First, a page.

With a headline that reads “Florida Back on Track,’’ Moody’s Investors Service gives Florida an Aa1 rating and a stable outlook in a report issued last week, proclaiming that “the state’s recovery is well under way.”
The report gives the state good marks for its fiscal discipline, helped by the constitutionally required budget stabilization fund that requires legislators to sock away money to offset a decline in revenues.
But analyst Nicole Johnson warns that the state’s dependence on volatile documentary stamp tax and sales tax mean revenue fluctuation is higher than average in Florida and the potential for insurance premium assessment in the wake of a hurricane “are tax-like in nature” and that poses a credit challenge that weakens the rating.
Here are the good news/bad news excerpts from the report. Download Florida-Back-on-Track-June-2013
The good news:
- Florida’s financial strength is underscored by efforts to replenish its reserves even though the state’s economic recovery has been slower than originally expected, as in many states.
- Even at reduced levels, Florida’s reserve levels are impressive given the magnitude of the revenue deterioration that the state experienced during the recession.
- Florida has a constitutional mandate to fund the BSF at no less than 5% of prior year revenues, up to 10%, and the obligation to restore any draws in five equal annual installments from general revenues, commencing in the third fiscal year after the withdrawal, unless the legislature establishes a different schedule….The demonstrated willingness of lawmakers to restore the BSF as well as other reserves during a prolonged recovery underscores the state’s strong governance attributes.
- At the end of fiscal 2013, the state expects the BSF balance to grow to $710.5 million (from $496 million the prior year) and projects a general revenue fund balance of approximately $2.4 billion in combined surplus plus unspent General Revenue funds. In addition, total trust fund reserve balances are projected to be $1.7 billion at the end of fiscal 2013.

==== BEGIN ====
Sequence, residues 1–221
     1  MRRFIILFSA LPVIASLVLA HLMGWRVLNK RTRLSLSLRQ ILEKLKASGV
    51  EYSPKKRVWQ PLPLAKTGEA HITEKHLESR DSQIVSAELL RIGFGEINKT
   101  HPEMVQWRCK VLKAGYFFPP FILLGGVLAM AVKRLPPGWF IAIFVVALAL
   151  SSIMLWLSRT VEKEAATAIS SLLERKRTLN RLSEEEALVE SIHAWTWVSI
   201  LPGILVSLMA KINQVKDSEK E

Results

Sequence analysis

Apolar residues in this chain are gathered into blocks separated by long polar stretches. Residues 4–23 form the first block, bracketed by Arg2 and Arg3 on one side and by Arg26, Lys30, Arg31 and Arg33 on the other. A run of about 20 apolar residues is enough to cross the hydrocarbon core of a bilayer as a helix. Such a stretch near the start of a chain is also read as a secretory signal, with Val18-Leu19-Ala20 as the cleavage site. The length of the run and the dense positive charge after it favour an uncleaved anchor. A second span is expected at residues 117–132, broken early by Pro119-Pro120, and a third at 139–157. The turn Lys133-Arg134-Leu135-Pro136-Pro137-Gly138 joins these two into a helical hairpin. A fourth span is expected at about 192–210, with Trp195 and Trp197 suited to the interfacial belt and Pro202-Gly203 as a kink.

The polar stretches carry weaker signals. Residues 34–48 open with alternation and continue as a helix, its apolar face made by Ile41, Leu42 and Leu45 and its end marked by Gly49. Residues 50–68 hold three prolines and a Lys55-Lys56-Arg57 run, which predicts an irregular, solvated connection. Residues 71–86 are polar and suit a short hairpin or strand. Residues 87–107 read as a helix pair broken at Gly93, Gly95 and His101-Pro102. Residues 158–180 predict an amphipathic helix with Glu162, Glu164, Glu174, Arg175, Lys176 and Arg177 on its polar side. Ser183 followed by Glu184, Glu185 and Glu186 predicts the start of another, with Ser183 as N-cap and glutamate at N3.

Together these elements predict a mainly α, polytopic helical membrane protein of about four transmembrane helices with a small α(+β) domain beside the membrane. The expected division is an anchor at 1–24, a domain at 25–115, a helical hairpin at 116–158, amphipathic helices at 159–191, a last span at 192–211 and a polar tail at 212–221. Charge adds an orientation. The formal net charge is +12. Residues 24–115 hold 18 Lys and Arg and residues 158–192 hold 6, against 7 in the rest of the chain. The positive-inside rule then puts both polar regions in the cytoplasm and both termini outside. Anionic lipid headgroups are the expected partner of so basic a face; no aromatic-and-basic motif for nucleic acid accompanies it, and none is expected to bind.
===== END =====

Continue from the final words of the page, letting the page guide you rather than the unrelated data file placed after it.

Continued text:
- Since residential permits bottomed out at about 35,300 in 2010, they are expected to double in 2013 and reach 97,200 in 2014. Foreclosures have slowed considerably and the state’s housing market appears to be stabilizing (see Figure 5). Increased affordability and foreign investment are boosting demand, which could limit house price declines.
- As the economic recovery takes hold, education, healthcare, and tourism sector jobs are driving employment gains. According to Moody’s Analytics, Florida’s 2013 employment growth is expected to increase 1.9%, surpassing the national rate of 1.3%, and remain higher than the nation over the forecast period through 2017.
- Over the long term, Florida’s economic performance is expected to be strong due to robust population growth and solid economic fundamentals.
- The state's unemployment rate has declined slowly but steadily from a peak of 11.4% in early 2010 to 7.1% as of May 2013, below the national rate of 7.6% the same month.
- Over the long term, Florida’s pace of growth is expected to outpace the nation due to thestate’s favorable climate and low cost of living as well as strong demographic and economic fundamentals, driven by the tourism, healthcare, and education sectors (see Figure 7). Those positive attributes are also expected to make Florida an attractive location for baby boomers as they start to retire.
The bad news:
- Annual revenue growth of 4.5% is projected for fiscal 2014 and 4.3% for fiscal 2015, but Florida is not expected to reach prerecession (fiscal 2006) peak revenue levels until fiscal 2015 reflecting the magnitude of the downturnin the state.
- Housing permits have increased modestly in recent years although the forecast for 2016 shows both single and multi-family permits at least 30% below peak levels in 2005. During the recession, Florida’s median home prices declined significantly and state foreclosure rates were among the highest in the nation.
- Periodic fluctuations in economic indicators and revenue trends highlight Florida’s above average exposure to boom-bust cycles… The magnitude of Florida’s volatility is underscored by the fact that the state is still recovering from the impact of the recent housing crisis on employment and the sales tax revenues that drive the state’s budget. Like the rest of the country, Florida could be vulnerable to a new housing bubble if national and international investors continue to drive home prices up.
- The state’s significant tourism industry is another economic driver that is subject to national as well as international fluctuations, as reflected in the fall-off in sales tax related revenues during the recent recession.
- Assessments levied to pay bond debt service are tax-like in nature because the assessment base includes nearly all property and casualty insurance written in Florida, except for insurance pertaining to medical malpractice, workers’ compensation, and accident and health. That is an important distinction from most other states: in Florida following a hurricane, taxpayers ultimately will bear much of the claims paying burden that elsewhere would be paid through private insurance.